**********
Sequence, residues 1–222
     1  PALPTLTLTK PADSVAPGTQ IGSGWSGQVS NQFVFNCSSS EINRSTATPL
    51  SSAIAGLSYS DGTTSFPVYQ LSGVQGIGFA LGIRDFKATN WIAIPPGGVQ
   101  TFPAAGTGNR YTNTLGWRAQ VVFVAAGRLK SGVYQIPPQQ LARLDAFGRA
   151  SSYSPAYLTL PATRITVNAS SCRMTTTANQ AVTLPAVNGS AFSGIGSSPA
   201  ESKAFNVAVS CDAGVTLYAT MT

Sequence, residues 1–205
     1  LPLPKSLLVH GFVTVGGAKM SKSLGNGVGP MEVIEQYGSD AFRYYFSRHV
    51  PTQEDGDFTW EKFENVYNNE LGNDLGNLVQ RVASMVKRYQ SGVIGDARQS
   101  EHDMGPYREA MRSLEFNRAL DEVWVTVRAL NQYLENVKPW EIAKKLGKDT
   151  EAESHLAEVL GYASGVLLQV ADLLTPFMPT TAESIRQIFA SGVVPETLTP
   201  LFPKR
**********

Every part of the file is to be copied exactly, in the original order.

Sequence, residues 1–222
     1  PALPTLTLTK PADSVAPGTQ IGSGWSGQVS NQFVFNCSSS EINRSTATPL
    51  SSAIAGLSYS DGTTSFPVYQ LSGVQGIGFA LGIRDFKATN WIAIPPGGVQ
   101  TFPAAGTGNR YTNTLGWRAQ VVFVAAGRLK SGVYQIPPQQ LARLDAFGRA
   151  SSYSPAYLTL PATRITVNAS SCRMTTTANQ AVTLPAVNGS AFSGIGSSPA
   201  ESKAFNVAVS CDAGVTLYAT MT

Sequence, residues 1–205
     1  LPLPKSLLVH GFVTVGGAKM SKSLGNGVGP MEVIEQYGSD AFRYYFSRHV
    51  PTQEDGDFTW EKFENVYNNE LGNDLGNLVQ RVASMVKRYQ SGVIGDARQS
   101  EHDMGPYREA MRSLEFNRAL DEVWVTVRAL NQYLENVKPW EIAKKLGKDT
   151  EAESHLAEVL GYASGVLLQV ADLLTPFMPT TAESIRQIFA SGVVPETLTP
   201  LFPKR